I was planning on writing a post about the cutting mats I use since I feel they are so very important to the exactness of cutting fabric.
I was going to tell you that I have two cutting mats: a huge one that measures 36×59″ and sits across our old dining room table that I claimed years ago and moved down to my studio for the sole purpose of a cutting table, plus a very small one that measures 12×18″ that I use at my sewing table by my machine for many different things.
My tiny mat by Olfa (see it here), was purchased when I first started quilting. You can see it in some of my YouTube videos. It’s extremely wore out and after nine years of use the self healing has started to give a bit. I only use it for small work like cutting half square triangles on the sofa instead of the studio. I bought it only for portability. It’s a pain to use it for cutting anything bigger than a fat quarter, and even then I have to fold the fabric.
Still, if you are just starting your journey into quilt making, I say a small mat is just fine getting you started. It won’t be long until you are ready for something bigger though.
● Professional quality, double-sided, self-healing
● Five layers thick to protect rotary blades and
● Multi-angled grid lines offer more creative cutting
● Fabric and mat won’t slide during use
● Outside dimensions: 36″ x 24″
● Gridded area for measuring: 34″ x 22″
● Measurements in inches on both sides
The larger one I purchase about every 6-7 months (found here). It’s NOT self healing and is something that is extremely expensive to replace. Deep grooves get cut down into it very quickly and I’m probably wasting my rotary blades because I let it go so long before replacing the mat. But it’s so expensive, so can you blame me? The only reason I keep replacing it is because I really like the size.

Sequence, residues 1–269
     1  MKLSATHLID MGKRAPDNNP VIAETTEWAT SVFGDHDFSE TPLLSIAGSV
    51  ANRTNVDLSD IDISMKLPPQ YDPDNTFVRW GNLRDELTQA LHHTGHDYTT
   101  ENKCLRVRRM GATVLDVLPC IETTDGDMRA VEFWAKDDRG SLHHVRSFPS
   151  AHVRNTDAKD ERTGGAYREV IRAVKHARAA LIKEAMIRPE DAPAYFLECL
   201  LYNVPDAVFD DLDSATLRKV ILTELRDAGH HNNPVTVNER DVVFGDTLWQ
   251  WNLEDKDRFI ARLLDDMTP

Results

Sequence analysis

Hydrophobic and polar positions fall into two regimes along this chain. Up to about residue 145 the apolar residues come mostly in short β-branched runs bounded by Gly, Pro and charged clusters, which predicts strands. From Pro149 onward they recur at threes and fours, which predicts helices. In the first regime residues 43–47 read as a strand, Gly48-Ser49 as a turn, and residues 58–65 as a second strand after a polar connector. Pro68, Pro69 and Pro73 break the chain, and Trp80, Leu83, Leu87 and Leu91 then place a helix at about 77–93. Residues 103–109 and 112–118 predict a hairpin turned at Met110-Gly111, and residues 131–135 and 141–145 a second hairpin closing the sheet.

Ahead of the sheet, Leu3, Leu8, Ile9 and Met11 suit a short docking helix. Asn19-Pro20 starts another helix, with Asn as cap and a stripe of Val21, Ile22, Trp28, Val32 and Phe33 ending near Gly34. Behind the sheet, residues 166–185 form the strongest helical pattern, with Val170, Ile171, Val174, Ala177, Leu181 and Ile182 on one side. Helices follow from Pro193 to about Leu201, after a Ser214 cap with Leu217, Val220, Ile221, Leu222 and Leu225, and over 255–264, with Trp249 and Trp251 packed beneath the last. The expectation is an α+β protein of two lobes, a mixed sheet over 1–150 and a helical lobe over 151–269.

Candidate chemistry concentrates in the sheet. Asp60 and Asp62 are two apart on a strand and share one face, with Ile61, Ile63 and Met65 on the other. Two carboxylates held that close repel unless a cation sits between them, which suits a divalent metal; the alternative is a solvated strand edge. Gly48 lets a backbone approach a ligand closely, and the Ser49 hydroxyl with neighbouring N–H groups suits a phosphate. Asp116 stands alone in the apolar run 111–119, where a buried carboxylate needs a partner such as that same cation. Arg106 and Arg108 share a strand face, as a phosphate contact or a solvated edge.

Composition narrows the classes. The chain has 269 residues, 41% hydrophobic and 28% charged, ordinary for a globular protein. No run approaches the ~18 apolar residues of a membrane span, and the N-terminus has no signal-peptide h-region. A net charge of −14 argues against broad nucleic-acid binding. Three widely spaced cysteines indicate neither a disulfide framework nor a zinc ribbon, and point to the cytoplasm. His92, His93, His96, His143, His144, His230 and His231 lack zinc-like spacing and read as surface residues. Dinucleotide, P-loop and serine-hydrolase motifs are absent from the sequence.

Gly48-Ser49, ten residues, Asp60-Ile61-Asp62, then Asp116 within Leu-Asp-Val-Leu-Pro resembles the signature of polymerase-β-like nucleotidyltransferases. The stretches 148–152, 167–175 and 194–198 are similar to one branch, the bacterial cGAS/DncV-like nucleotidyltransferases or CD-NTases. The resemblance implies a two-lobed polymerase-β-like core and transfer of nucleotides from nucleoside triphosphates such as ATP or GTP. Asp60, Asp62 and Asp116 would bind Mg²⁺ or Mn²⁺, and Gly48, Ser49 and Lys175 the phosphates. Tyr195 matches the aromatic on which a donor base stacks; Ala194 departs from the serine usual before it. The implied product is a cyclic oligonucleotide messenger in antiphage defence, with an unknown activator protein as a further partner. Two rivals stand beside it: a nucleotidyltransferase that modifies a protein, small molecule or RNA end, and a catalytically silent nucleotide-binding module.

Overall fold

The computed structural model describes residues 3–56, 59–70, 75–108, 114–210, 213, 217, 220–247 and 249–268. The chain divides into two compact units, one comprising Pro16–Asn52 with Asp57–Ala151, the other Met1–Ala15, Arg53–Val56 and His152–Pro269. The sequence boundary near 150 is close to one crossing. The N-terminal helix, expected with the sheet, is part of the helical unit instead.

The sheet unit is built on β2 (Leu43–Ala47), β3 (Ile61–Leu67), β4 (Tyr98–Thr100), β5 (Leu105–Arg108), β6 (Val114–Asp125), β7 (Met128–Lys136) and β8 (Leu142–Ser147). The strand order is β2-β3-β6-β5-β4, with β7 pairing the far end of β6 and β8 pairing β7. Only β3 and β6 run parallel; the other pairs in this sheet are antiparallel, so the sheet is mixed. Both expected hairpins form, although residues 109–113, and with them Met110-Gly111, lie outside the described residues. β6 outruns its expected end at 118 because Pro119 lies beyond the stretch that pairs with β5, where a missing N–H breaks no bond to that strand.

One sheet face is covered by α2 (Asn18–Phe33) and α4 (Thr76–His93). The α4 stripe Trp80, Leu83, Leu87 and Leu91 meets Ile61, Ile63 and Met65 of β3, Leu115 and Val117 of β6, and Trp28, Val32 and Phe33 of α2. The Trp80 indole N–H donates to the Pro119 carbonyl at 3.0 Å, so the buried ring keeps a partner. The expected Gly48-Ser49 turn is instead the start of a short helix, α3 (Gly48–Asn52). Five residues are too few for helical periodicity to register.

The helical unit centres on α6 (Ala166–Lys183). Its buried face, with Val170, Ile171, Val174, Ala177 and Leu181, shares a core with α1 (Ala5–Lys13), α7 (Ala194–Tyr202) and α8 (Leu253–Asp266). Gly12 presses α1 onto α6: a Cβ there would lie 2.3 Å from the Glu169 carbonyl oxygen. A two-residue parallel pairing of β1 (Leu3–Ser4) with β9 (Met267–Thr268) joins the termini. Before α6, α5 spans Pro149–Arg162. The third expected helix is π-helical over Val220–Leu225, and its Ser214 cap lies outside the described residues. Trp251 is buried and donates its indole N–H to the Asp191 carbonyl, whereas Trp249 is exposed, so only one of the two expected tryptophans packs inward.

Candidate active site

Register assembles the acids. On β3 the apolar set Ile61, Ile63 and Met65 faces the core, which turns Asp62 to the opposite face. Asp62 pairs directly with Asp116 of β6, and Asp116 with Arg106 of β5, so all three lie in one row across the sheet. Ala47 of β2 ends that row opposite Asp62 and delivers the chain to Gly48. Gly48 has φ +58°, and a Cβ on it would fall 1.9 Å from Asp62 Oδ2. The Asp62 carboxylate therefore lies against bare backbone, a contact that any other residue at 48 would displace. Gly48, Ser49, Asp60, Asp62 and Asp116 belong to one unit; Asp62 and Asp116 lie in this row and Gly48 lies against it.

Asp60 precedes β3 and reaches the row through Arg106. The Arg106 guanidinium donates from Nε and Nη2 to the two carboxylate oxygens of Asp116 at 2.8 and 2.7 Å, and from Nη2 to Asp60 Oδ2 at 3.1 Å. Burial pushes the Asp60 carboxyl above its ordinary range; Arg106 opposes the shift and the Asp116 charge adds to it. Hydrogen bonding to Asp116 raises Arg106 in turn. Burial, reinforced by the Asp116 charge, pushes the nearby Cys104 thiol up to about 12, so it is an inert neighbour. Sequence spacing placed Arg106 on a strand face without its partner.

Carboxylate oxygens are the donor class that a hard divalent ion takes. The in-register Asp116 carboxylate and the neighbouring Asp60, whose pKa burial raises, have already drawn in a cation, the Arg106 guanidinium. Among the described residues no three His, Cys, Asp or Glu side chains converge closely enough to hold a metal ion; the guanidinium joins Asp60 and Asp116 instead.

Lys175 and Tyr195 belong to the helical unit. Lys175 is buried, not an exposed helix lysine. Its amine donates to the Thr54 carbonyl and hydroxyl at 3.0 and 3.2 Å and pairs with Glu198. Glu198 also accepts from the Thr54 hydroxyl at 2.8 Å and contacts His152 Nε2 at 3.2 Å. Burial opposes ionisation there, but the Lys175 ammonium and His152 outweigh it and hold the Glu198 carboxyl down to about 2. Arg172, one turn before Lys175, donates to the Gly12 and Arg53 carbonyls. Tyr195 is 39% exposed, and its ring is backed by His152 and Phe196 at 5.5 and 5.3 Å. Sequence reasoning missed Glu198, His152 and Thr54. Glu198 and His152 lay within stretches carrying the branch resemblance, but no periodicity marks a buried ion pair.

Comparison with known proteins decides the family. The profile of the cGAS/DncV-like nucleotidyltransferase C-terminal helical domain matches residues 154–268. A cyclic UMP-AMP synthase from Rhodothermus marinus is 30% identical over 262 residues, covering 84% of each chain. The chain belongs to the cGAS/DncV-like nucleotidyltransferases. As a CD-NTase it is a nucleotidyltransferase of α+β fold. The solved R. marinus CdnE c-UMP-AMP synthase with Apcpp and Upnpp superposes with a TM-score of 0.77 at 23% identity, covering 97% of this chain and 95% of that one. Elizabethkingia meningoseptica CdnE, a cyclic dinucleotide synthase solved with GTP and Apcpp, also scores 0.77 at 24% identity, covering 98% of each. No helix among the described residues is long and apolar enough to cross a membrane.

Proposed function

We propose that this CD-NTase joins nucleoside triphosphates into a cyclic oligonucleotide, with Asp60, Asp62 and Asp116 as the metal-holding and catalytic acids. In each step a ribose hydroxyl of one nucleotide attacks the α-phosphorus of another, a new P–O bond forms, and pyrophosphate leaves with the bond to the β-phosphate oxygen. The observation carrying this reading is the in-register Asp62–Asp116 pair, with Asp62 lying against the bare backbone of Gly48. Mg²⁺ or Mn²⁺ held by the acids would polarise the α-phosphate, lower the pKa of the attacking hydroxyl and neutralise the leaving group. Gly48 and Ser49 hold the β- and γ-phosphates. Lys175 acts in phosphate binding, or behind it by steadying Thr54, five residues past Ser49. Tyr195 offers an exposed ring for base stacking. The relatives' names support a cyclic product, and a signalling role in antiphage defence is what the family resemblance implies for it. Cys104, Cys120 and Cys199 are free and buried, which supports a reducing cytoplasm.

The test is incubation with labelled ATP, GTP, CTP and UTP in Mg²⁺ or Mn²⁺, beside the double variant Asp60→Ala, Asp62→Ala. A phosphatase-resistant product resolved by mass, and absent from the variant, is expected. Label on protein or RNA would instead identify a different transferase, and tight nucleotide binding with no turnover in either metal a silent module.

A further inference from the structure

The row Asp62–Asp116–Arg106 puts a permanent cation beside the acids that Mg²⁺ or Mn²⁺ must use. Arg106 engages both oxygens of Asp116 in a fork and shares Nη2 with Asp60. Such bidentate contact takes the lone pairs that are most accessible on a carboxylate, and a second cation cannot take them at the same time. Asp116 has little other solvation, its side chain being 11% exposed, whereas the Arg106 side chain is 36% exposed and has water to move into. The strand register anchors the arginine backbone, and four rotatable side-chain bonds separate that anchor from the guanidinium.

So though I feel I might be a bit spoiled in the size department, I am not spoiled in the quality. And with those two mats being the only mats I’ve ever used, you can see why I might be a bit behind the trends on cutting mats.
I was a bit tickled to be getting a new cutting mat to begin with and the fact that it was pink was just like the stars had aligned or something, but to be honest when I saw the size, 34×22″, which is Havels’ biggest mat I was thinking that a new mat would be nice, but you know…. it’s not as big as my table mat. I probably wouldn’t use it very often.
Now I know better.
Now I know that bigger is not always better (ha!).
Pros: When I cut my very first piece of fabric on the Havel’s mat, I was surprised by how little I had to bear down. I’m used to bearing down, not just because my old mat is probably ready to be replaced, but also because my mat is not as thick or sturdy as the Havel’s mat or as smooth. It has 5 levels of thickness compared to my own mat’s 1 layer. That’s quite a difference when cutting. I measured it and the thickness is 1/8″. This mat doesn’t move or bobble (my old mat sometimes bounced a bit).
Besides being pink and sturdy, the Havel’s mat is also double sided. This means if I eventually wear out one side of the mat, I can flip it over and use the other side as if it was brand new. That’s huge!
Use my coupon code at Havel’s Sewing to receive $7 off any purchase over $25.
The mat comes with increments in inches on both sides too, along with 30, 45, and 60 degree angled lines.
Another thing that I found pretty nifty about this mat, and I say this as a complete newbie to Havel’s Sewing products, is that when you use a Havel’s ruler with this Havel’s mat, the ruler and the mat have these tiny dashed and dotted squares. When I have the ruler and the mat’s dashes and dots lined up, I’m getting better accuracy in my cutting.